Yes, the bank was around, but the building looked different then. Susan Berry, retired director of the Silver City Museum, helpfully plowed through old newspapers and found evidence that she believes places the photo after April 1882.

 The New Southwest reported that a street lamp was placed in front of a building two doors north of the Meredith-Ailman building in early July 1882. The far right side of the picture shows the street lamp, which wouldn’t have been there in April.

The same newspaper reported, on July 29, the installation of large gilt letters above the doorways on the new iron front of the Meredith-Ailman building. Those gilt letters are present in this photo.

The photo, Berry concludes, was taken no earlier than late July 1882. It probably was shot before November 14, when the bank re-opened, and it was taken before May 11, 1883, when the Higbee building (next door to the bank and hidden by a tree) got a second story.

Although this is a fantastic period photo, our skinny guy is not our famous gunfighter with his posse. Such results can break the hearts of the most stalwart of latter-day Pinkertons. But we won’t give up. Only two confirmed adult photos of Holliday exist and those are not enough for a man of such legend.

We want more and vow to keep looking. If you’re out there, Doc, hold fast. We’ll find you.

Tucson-based Leo W. Banks drinks a toast to Doc Holliday whenever he visits the Palace Saloon in Prescott, Arizona.

The signed photograph of Doc Holliday, taken in Prescott, Arizona, in 1879, is one of four authenticated photographs of the famous dentist. The others show him when he was 20, graduating from dental school, when he was about one or two years old and the last when he was a baby in his mother’s arms. Unfortunately, the below photo will not be added to the list. The man (see close-up, far left) is not our revered gunfighter. – Courtesy Silver City Museum –
The signed photograph of Doc Holliday, taken in Prescott, Arizona, in 1879, is one of four authenticated photographs of the famous dentist. The others show him when he was 20, graduating from dental school, when he was about one or two years old and the last when he was a baby in his mother’s arms. Unfortunately, the below photo will not be added to the list. The man (see close-up, far left) is not our revered gunfighter.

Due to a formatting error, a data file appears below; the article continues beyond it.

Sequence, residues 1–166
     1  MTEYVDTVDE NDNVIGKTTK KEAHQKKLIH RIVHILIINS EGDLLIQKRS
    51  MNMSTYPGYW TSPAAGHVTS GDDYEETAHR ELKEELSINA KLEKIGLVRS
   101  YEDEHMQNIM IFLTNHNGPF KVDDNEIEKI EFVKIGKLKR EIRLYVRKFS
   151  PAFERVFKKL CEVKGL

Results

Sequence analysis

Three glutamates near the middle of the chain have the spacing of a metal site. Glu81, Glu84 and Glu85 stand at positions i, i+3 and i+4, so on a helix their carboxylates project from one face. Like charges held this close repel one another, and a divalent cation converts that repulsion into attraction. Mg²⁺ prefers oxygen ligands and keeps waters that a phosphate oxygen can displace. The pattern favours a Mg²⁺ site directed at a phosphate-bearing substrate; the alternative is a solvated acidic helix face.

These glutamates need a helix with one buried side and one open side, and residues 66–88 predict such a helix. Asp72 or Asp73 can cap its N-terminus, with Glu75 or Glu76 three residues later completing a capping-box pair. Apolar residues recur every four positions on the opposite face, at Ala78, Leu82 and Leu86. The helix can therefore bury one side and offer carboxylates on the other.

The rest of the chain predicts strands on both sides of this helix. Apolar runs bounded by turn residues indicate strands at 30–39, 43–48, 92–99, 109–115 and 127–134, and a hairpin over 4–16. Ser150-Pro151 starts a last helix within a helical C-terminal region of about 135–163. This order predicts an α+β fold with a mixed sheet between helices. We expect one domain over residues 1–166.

– Courtesy Silver City Museum –

Earp History

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Thanks to the Tombstone Vigilantes, on which this information is sourced



Resignation of Virgil W. and Wyatt S. Earp as Deputy Marshals

Tombstone, February 1, 1882

Note that the Major was staying at the Grand Hotel 🙂

Major C. P. Dake, United States Marshal, Grand Hotel, Tombstone-

Dear Sir: In exercising out official functions as deputy United States marshals in this territory, we have endeavored always unflinchingly to perform the duties entrusted to us. These duties have been exacting and perilous in their character, having to be performed in a community where turbulence and violence could almost any moment be organized to thwart and resist the enforcement of the process of the court issued to bring criminals to justice. And while we have a deep sense of obligation to many of the citizens for their hearty cooperation in aiding us to suppress lawlessness, and their faith in our honesty of purpose, we realize that, notwithstanding out best efforts and judgment in everything which we have been required to perform, there has arisen so much harsh criticism in relation to our operations, and such a persistent effort having been made to misrepresent and misinterpret out acts, we are led to the conclusion that, in order to convince the public that it is our sincere purpose to promote the public welfare, independent of any personal emolument or advantages to ourselves, it is our duty to place our resignations as deputy United States marshals in your hands, which we now do, thanking you for your continued courtesy and confidence in our integrity, and shall remain subject to your orders in the performance of any duties which may be assigned to us, only until our successors are appointed.
Very respectfully yours,

Virgil W. Earp
Wyatt S. Earp